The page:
It is to be noted that the first information which a seaman has is the notification that he may not further seek or continue employment upon any merchant vessel. He is given no opportunity to participate in the process of examining the facts which may have a bearing upon this initial determination. Although the decree below requires some measure of specificity in the notice of the initial determination of the Commandant, and although it permits the seaman to demand a bill of particulars, yet it specifies "that such bill of particulars need not set forth the source of such data, nor disclose the data with such specificity that the identity of any informers who have supplied such allegations or data will necessarily be disclosed to the said seaman or to other persons."

Following such an initial security denial, the seaman is permitted by the regulations of the Coast Guard to apply first to a local and then to a national appeal board, each composed of one Coast Guard, one management, and one labor member. The appeal board has before it the complete record on which the Commandant's initial determination to deny clearance was made; but none of this is disclosed to the seaman although he may appear in person and by counsel and may submit testimonial and documentary evidence.6

As the trial court pointed out, the record shows that when these seamen appeared before the appeal boards, some of them were questioned by the examiners for the board and some were not, but in general the board took literally the language of the executive order to the effect that "no person shall be issued a document required for employment * * * unless the Commandant is satisfied", etc. In short, the burden was placed upon the seaman, notwithstanding he knew neither the names nor identity of his accusers nor anything else about them.

It is to be noted also that upon the so-called appeals provided for by the regulations, the appeal boards are without power to do anything other than make a recommendation to the Commandant who "may either approve or reject the recommendation of the board, or remand the case for further proceedings". "The Commandant is the final authority to grant or deny security clearance". After he has considered recommendations of the board, he makes the final decision.

At the threshold of the argument in this court, the appellees asserted that the appellants have no standing to prosecute this action for the reason that they have failed to exhaust their administrative remedies. The same contention was made in the court below and the circumstances giving rise to the argument and the contention of the appellees are set forth in the opinion of the trial court. 112 F.Supp. at pages 440-441. The trial court upheld the right to maintain the action and rejected appellees' argument that failure to exhaust an administrative remedy made the action premature or required the court to deny relief. We agree with the district court's disposition of that contention.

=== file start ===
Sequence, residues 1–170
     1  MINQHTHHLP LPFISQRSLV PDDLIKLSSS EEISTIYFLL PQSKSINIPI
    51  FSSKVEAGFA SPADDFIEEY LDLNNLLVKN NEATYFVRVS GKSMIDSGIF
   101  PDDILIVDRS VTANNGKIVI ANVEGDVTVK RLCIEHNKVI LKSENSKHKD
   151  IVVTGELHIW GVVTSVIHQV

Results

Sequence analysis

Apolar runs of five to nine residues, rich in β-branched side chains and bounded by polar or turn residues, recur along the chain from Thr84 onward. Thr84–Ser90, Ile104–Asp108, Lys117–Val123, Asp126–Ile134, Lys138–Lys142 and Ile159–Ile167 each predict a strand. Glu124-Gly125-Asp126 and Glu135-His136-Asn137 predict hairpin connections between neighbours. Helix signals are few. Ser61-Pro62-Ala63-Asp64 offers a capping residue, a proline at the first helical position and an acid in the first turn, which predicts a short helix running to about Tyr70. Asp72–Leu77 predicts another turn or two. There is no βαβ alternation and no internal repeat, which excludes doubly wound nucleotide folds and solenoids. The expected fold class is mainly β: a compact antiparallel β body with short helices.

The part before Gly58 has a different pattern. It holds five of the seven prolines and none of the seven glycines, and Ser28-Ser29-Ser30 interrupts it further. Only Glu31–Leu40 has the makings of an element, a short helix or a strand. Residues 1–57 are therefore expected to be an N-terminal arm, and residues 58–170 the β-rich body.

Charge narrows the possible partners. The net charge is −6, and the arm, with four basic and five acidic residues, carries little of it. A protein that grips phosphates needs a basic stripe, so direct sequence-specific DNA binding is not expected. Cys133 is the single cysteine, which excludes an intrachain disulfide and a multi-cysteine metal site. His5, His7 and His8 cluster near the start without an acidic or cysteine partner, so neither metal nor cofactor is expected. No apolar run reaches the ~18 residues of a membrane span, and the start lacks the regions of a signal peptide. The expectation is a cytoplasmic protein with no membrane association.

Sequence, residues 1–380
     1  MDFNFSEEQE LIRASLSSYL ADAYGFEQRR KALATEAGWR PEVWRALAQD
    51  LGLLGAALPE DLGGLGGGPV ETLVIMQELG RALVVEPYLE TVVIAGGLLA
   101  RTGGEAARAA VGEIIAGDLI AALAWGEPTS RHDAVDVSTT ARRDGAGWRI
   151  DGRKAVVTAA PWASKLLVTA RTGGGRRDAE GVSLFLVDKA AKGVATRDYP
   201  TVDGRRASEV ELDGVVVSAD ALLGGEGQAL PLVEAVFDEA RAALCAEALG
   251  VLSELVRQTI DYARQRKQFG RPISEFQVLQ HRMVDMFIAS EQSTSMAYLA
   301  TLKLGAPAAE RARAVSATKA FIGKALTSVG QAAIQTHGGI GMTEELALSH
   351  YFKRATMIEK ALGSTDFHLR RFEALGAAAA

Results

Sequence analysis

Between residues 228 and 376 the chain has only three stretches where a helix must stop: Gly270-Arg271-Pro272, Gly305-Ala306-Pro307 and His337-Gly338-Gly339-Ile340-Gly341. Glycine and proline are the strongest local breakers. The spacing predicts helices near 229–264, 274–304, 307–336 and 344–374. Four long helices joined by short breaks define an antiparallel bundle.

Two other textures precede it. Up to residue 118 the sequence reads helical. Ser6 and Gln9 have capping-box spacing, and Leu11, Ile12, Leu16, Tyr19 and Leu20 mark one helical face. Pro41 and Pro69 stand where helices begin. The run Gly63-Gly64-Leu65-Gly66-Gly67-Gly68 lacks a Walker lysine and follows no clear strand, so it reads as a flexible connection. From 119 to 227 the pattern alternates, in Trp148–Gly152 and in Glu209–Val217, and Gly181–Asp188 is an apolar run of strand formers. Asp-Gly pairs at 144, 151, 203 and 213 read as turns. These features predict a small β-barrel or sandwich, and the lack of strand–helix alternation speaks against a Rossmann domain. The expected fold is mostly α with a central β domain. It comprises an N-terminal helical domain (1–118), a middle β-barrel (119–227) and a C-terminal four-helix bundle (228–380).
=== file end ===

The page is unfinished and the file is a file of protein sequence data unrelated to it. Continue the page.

At the time the trial court's decision was rendered, plaintiff Rolfs had been finally refused clearance by the Coast Guard Commandant although the court found that he had been invited to appear again before a local appeal board for a reexamination of the issues. We have noted that the Coast Guard has amended its regulations subsequent to the decree in an effort to conform to the holdings of the district court. The appellants have been given an opportunity to prosecute appeals under those revised regulations, and some of them have such appeals now in process, either before the local board or before the national appeal board. One appellant has failed to take an available appeal to the national board from an adverse decision of the local board. Hence, say appellees, the objection as to failure to exhaust administrative remedies still applies and those who have received clearance have no standing to sue. The district court held this suit properly brought as a class action under Rule 23(a)3, Fed.Rules Civ.Proc. 28 U.S.C.A. This holding is not challenged by appellees. Some of the appellants have not been cleared for employment, and hence they have standing here.7